Second, to the extent there isn't, this isn't really a product of democracy in action, but to rules in North American and much of the world which allow very rich people to pay for almost unlimited amounts of propaganda. If you want "social license" for things that people would go for if ExxonMobil weren't telling them a pack of lies, you might want to start by outlawing ExxonMobil from tellling people packs of lies. Breaking up media concentration would likely help too. We've had Royal Commissions telling us that would be a good idea since decades ago.

Yes to the outlawing Exxon from telling the pack of lies, which sounds quite a bit like what the article in here about the Competition Bureau versus the RBC is. I had no idea that "greenwashing" was in their sights but was quite cheered to see that it is.
Also agree that the Liberals had far more social license than they made use of. It's like do the big stuff first if you win a majority but then think of Obama and public health care....always easier said than done. But I would also argue that a lot has changed since 2015 when it comes to broad societal acceptance of climate change; it's only been quite recently (possibly since it's manifesting more severely as predicted) that it's been widely presented as a given.
But it's going straight into the weeds and missing the big picture to constantly rag on the Liberals in the current political reality peopled sufficiently with conservatives to win power when they would do NOTHING because they don't really "believe" it's a problem! And to ascribe rigidity and a closed mind to them that is identical to conservatives is simply not true.

"Social licence" is a cop-out.
The far majority of Canadians want a faster transition.
They'll have to be coerced (not carrot-ed to death) to change their consumption patterns.
Everyone (in theory) wants to "do good" about global warming. Just not in their own "personal" lives ... or in their investments, either, for those who have them.
There's no need to allow the continued sale and import of "gas guzzlers," FI.
We didn't "need social license" to modify people's cigarette-smoking habits. We just made most of the places they were consumed off limits for consumption. We could do the same with any number of toxics, including toxic tail-pipe emissions (and toxic laundry product exhaust).
It's high time that Canada recognized that the US model isn't a model of democracy. Or human rights. It's a model of exceptionalism and "do as I say, not as I do" "leadership."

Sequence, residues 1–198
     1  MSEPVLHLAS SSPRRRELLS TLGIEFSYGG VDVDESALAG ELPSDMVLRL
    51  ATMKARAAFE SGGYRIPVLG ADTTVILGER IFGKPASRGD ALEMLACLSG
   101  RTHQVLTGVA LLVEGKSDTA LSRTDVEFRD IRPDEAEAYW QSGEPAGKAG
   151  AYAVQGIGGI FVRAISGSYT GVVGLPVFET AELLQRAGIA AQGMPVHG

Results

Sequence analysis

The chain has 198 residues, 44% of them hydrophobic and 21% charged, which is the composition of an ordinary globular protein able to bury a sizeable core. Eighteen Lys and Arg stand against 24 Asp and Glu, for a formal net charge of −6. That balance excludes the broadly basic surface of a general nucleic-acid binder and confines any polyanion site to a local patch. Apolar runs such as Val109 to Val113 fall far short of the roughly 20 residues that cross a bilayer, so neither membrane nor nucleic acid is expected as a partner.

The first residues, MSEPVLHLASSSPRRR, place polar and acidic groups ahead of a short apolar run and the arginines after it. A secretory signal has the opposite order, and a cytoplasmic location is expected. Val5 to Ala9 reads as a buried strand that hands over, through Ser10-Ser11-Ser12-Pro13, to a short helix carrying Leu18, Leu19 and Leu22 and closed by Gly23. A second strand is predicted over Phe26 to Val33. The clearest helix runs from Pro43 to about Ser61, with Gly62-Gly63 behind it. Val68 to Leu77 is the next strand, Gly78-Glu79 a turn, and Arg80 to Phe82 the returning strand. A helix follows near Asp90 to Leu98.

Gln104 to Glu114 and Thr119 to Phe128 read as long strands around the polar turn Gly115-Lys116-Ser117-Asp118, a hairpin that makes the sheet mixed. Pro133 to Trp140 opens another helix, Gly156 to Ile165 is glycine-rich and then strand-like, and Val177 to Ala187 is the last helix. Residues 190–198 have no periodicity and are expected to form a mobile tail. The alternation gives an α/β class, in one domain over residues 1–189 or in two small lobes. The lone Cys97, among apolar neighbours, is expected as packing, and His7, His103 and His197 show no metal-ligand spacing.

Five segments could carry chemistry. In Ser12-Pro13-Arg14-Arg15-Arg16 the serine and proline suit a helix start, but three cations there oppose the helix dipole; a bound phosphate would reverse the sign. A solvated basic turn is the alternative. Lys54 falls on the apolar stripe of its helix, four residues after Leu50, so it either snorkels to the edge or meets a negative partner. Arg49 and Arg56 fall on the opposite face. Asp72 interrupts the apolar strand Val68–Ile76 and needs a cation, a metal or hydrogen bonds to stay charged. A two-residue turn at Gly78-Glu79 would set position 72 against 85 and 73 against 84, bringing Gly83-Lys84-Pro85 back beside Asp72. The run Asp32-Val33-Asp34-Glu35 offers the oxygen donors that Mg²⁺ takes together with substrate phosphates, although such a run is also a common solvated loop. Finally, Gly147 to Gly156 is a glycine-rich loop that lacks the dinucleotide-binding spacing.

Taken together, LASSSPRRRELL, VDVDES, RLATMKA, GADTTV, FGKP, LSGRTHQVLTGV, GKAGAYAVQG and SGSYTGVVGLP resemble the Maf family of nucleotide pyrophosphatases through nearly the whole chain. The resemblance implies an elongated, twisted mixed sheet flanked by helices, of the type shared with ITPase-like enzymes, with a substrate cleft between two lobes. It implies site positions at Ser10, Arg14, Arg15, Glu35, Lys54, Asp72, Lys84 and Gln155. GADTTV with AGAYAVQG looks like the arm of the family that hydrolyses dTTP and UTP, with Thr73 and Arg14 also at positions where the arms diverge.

Liberals don't *covertly* share conservative faults. It's open enough, for anyone who wants to see it. The only thing the Liberals do is a marginally better job of lying.
And supporting the so-called "middle class", i.e., those in the top income quintile.

You agree, then, that Smith's position is nonsensical.

Along with the fact that ALL of Smith's basic premises for governance are stupid, every last one of them, the current inquiry into the Emergencies Act will very much highlight that AND the basic "lawlessness" that conservatives are now courting. Not a good look.
AND the American Congressional Committee's Jan. 6th investigation has just subpoenaed Trump after carefully and methodically exposing the damning details in all their thuggish stupidity. The days of this dangerous nutbar right wing are finally starting to look numbered.

Smith's view should be be a highlighted display at the Drumheller Royal Tyrrell Dinosaur Museum, which shows the Alberta fossils. Goodness knows she and Kenney's views are becoming extinct. Too bad their ideologies keep them on a path of conflict vs get with the program

Not really fair to dinosaurs. They dominated the world for far more than 100 million years and were only taken out by a massive asteroid hitting the earth, not by being out-evolved or anything. Humans have been around for a couple million, dominated the globe for much less than that, and if we go down it seems likely we'll do it to ourselves--certainly our prospects of lasting as long as the dinosaurs seem a tad uncertain. Especially if there are Danielle Smith types in charge.

"Not really fair to dinosaurs." ;-)

When reading that I flashed on an image of a new dinosaur find in the far, far future embedded in a cliff in the Alberta Badlands. There rest the remnants of Danielle, Jason and Ralph, along with Curly, Larry and Moe.

The article says more about neutral economics than it does about overheated party politics. One Alberta wind power auction attained a record low of $34 / megawatt, about 1/3 of what BC Hydro charges its domestic customers. This competitive price is responding to consumer demand and is bound to expand to rapidly take market share from fossil fuels irrespective of Liberal sins and omissions and UCP Loony Tunes.

Alberta's had wind installations since the early 2000s, at least.
Who paid 3.4 cents/kwh on? We're told on our Toronto Hydro bills that the company pays 9.8 cents; the actual electricity costs must be pass-through, without increase. However, that's only 1/4 of the cost to me (before taxes). The rest is for "services" that TorHydro is allowed to mark up somewhere in the neighbourhood of 10%, amounting to 75% of what it costs me. That, and the premiums paid to the "special" shareholders ... funny, that, given that TorHydro is an amalgamation of all the utilities publicly held by the various municipalities that were forcibly merged (over the profound objection of every municipality affected).

However, the amount that the big power users pay is very much lower.